Preparing for winter – livestock supplemental feeding basics

Chris pushing feed

Summer has flown by and fall is almost upon us. Even though we haven’t reached the cooler temperatures yet associated with fall and winter, it’s never too early to start planning for the cold and the reduced forage availability that usually comes with it.

Depending on your pasture/hay quality, you may not have enough forages to adequately supply livestock year-round. This is when supplemental feeds are especially important.


To determine which supplemental source to feed livestock, it is important to understand the basic components of rations. Each ration will depend on factors such as species, size, age, reproductive status, etc. There is no one-size-fits-all. Check an animal’s body condition score to determine if there are signs of a deficiency. Deficiencies can signal the need for supplementation.

Keep in mind the cold, windy and/or wet conditions one often encounters in the fall and winter will only increase energy requirements in rations. For example, cow energy requirements may increase up to 30% during these conditions, increasing their overall intake.

Water is the most important ration but is often overlooked. Make sure livestock have clean, fresh water, in liquid form. Ice and snow will not meet an animal’s water needs.

Protein, energy, fiber, minerals and vitamins also make up rations. Protein goes towards the structuring of organs, and energy is the total caloric value of feed that allows animals to do physical activities. Crude fiber can provide energy and affect the passage of food through the digestive system. Minerals contribute to metabolism and immune function as well as structure, while vitamins primarily affect physiological functions.

Determine how much forage or hay will contribute to each of these components. You can use a forage test to calculate how much of the forage diet will meet the nutritional requirements of the animal. Laboratories that analyze forages can be found on the National Forage Testing Association website at: Keep in mind that results are only as good as the sample and that forage quality can change among fields depending on season and growing and harvesting conditions.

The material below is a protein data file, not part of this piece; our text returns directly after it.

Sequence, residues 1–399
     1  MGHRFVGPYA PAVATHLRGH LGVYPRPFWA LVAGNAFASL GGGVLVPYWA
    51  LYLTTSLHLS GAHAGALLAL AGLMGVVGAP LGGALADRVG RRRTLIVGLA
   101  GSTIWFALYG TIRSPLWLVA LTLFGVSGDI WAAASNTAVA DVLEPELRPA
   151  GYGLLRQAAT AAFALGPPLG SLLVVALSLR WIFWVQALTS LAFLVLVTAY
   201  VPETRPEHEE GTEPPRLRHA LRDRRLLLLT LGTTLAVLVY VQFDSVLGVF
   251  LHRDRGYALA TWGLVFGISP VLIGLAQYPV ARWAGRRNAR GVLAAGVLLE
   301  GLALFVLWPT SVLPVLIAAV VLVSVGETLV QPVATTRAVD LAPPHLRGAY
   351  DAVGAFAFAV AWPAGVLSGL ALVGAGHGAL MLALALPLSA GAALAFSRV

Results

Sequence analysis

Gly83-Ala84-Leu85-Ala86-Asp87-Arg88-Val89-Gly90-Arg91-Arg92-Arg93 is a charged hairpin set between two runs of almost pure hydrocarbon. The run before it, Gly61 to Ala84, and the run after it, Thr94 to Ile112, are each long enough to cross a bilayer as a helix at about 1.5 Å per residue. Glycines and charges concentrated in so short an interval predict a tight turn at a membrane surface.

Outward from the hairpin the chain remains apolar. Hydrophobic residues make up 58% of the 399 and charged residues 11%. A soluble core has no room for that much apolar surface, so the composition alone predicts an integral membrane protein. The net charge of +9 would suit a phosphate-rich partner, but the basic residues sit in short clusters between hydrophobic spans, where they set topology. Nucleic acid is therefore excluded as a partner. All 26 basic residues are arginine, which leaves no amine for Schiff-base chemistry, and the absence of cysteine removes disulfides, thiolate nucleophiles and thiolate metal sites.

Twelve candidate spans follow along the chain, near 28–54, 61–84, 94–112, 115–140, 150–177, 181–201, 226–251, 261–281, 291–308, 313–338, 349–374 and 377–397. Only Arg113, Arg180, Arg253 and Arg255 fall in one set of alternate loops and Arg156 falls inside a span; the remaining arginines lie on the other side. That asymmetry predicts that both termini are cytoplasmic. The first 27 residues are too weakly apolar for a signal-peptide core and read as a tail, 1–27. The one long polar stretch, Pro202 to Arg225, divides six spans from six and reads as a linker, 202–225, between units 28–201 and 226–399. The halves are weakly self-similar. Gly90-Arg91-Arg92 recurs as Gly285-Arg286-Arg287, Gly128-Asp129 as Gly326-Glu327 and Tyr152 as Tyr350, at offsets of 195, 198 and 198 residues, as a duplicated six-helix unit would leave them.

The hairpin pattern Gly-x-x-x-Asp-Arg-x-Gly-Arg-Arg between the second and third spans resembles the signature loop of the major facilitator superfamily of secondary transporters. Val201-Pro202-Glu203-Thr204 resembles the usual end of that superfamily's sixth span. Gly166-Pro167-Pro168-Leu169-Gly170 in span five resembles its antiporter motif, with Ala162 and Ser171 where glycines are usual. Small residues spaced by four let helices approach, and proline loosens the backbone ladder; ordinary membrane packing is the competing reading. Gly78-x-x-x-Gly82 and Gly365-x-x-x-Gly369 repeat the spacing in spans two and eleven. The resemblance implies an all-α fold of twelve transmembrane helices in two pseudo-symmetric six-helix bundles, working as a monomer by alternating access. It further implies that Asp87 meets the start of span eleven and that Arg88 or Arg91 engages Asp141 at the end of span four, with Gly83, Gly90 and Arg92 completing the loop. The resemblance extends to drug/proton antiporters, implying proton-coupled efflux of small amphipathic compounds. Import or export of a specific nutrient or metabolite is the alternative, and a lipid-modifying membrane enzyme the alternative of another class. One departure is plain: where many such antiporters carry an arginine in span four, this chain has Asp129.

Supplemental feeds can be dry or liquid. Dry feeds include meals, crumbles, cubes (or cakes or pellets) or blocks. Meals come in a loose form that may be more appetizing for some species. However, these can lead to overconsumption and excess waste if the right equipment is not invested in. Crumbles include crushed dry feeds and are often used in poultry feeds. This form works best for windy locations where losses are observed.

Cubes, cakes or pellets are often used for protein supplements that are hand-fed. They often require a significant investment upfront for equipment and storage. Dry blocks are more flexible with feed formulations compared to other dry feeds. Keep in mind that the amount consumed will depend on whether the blocks are dry or soft.

Liquid feeds are primarily self-fed. They may be limited in what formulations are available. Many dry ingredients are difficult to include in a liquid form. Hardened molasses blocks can be used as an in-between for pressed blocks and liquids.

No matter what supplemental feed you use, water access will affect intake. Make sure water sources are never frozen (or at least for as little time as possible).

When utilizing supplemental feeds, don’t forget about pasture management strategies that can extend the grazing season, such as stockpiling forages, which allow for livestock to graze a pasture well into the winter months. This can be something as simple as adding different species of forages to a field for stockpiling and allowing for a period of rest for pastures between summer and winter. Keep minerals in a separate location from feed and water to prevent compaction from animals congregating at a single spot and reduce the forages available.

Supplemental feeds should not replace your forages but can complement an animal’s ration. Avoid rapid changes in an animal’s diet with supplementation. Understanding each species and life stage’s needs is necessary to maximize efficiency and reduce waste when the temperatures begin to drop.


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